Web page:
Science Fair Project Encyclopedia
Chief technical officer
Chief Technical Officer or Chief Technology Officer, usually seen as CTO, is a business executive position whose holder is focussed on technical issues in a company. It emerged in the United States in the 1980s as a business-focused extension of the position of Director of R&D . Large research-oriented companies like General Electric, AT&T, and ALCOA created this position to increase the profits yielded from research projects in their laboratories.
During the dot-com and computer boom of the 1990s, many companies used the CTO title for their senior technical person. The MIS and IT community often use the title CTO as either synonymous with Chief Information Officer, or as a subordinate to the CIO who is more versed in the technical intricacies of the systems being deployed. There is no uniform application of the title and some confusion is caused when people across domains discuss the role of this person. The role of the CTO varies between companies and industries, but usually relate to technology. The roles include:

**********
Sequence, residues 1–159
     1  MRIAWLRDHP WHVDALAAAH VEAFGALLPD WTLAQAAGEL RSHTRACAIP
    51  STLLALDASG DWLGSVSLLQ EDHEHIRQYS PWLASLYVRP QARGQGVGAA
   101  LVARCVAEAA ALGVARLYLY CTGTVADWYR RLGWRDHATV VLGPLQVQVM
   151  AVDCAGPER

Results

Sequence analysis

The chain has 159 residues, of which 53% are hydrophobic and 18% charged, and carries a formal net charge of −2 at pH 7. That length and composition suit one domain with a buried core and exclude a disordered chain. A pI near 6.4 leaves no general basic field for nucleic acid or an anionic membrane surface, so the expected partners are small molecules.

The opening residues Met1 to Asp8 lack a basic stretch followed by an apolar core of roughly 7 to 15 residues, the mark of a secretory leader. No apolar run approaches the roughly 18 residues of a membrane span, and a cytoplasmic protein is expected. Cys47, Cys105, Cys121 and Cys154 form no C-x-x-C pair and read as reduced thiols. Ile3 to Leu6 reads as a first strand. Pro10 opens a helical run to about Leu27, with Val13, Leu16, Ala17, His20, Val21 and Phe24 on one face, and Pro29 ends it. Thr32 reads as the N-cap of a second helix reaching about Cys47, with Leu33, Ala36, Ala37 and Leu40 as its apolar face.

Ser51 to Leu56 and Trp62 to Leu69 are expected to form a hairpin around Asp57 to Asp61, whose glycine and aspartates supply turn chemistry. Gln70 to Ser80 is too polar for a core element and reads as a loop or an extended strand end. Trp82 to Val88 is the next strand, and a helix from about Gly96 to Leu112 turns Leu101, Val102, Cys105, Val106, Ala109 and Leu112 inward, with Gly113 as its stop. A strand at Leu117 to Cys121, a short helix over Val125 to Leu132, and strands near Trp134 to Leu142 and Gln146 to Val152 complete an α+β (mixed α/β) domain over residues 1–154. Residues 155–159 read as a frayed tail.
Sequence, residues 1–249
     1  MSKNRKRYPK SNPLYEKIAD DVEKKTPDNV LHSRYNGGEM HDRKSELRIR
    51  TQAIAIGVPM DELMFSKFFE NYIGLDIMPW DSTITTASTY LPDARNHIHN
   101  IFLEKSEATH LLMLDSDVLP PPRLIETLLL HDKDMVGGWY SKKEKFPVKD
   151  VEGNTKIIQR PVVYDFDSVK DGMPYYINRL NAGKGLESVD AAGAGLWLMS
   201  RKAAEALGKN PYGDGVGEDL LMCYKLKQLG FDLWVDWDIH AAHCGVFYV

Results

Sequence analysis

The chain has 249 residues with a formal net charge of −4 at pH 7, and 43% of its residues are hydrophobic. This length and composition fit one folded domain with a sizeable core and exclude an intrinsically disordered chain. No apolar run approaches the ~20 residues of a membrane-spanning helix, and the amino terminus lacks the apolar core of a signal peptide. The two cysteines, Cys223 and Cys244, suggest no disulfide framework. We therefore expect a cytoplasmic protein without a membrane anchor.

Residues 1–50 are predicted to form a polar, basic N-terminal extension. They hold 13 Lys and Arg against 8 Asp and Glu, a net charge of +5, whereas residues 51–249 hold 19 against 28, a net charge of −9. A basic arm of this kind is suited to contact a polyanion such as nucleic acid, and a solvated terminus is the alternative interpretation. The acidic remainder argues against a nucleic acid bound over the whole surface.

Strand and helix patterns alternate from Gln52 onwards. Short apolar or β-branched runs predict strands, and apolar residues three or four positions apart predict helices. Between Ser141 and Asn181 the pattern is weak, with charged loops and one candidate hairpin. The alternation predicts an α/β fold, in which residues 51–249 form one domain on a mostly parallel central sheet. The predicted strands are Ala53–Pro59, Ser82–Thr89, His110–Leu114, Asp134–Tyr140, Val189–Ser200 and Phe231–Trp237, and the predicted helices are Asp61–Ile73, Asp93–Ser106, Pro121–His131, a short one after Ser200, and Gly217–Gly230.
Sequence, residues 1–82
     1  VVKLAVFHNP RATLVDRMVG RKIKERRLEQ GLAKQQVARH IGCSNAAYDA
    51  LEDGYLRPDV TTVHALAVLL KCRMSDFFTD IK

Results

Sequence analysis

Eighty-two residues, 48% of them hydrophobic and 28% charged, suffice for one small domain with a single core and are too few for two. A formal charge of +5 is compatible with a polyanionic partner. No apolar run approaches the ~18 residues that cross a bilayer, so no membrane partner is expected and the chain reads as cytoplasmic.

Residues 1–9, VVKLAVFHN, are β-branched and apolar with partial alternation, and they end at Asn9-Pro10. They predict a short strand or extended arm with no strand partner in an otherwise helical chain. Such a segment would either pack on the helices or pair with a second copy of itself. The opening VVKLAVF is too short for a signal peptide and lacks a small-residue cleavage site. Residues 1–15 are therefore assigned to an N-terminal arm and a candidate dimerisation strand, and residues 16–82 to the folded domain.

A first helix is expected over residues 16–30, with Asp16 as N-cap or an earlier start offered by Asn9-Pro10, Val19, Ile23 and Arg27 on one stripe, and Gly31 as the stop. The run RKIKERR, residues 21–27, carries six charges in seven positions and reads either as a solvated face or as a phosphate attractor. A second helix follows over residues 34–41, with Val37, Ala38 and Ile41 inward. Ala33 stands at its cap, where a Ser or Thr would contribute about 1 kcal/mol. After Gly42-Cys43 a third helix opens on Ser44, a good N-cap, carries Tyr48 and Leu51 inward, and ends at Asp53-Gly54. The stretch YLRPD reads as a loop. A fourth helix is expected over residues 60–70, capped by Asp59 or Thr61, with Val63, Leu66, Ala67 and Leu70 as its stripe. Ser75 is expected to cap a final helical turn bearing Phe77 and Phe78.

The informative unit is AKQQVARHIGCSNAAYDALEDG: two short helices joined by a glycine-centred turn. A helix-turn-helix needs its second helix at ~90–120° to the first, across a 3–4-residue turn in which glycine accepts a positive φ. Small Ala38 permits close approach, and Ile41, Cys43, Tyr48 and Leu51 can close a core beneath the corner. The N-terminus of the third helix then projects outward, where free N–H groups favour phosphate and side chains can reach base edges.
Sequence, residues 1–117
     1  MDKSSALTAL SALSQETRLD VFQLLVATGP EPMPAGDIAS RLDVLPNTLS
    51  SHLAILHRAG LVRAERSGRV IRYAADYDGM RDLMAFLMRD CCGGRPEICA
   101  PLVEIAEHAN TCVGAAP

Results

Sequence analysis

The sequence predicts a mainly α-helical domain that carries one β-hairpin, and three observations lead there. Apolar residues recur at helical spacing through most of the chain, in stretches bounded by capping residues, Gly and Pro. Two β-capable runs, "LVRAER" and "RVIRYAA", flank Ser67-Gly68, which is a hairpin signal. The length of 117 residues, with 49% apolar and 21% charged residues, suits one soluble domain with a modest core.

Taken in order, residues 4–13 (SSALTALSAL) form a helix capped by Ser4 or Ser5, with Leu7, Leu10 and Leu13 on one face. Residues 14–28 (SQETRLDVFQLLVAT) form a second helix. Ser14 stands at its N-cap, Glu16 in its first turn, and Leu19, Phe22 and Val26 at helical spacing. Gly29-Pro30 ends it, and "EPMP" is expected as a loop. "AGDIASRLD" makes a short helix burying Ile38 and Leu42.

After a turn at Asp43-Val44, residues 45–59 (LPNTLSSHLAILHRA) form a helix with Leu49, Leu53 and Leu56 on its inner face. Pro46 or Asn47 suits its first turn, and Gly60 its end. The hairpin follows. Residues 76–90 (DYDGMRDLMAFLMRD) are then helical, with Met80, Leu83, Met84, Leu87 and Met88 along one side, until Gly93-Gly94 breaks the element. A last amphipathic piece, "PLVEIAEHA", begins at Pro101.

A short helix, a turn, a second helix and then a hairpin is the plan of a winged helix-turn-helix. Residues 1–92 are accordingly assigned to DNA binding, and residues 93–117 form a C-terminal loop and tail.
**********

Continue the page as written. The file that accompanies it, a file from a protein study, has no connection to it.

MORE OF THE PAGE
- Long term technology direction (strategic)
- Short term technology direction (tactical)
- Business-focused oversight of R&D
- Software used in the corporation
- Roger D. Smith , "The Chief Technology Officer: Strategic Responsibilities and Relationships", Research Technology Management, July-August, 2003.
- Roger D. Smith , "Maximizing the CTO's Contribution to Innovation and Growth", CTOnet.org.
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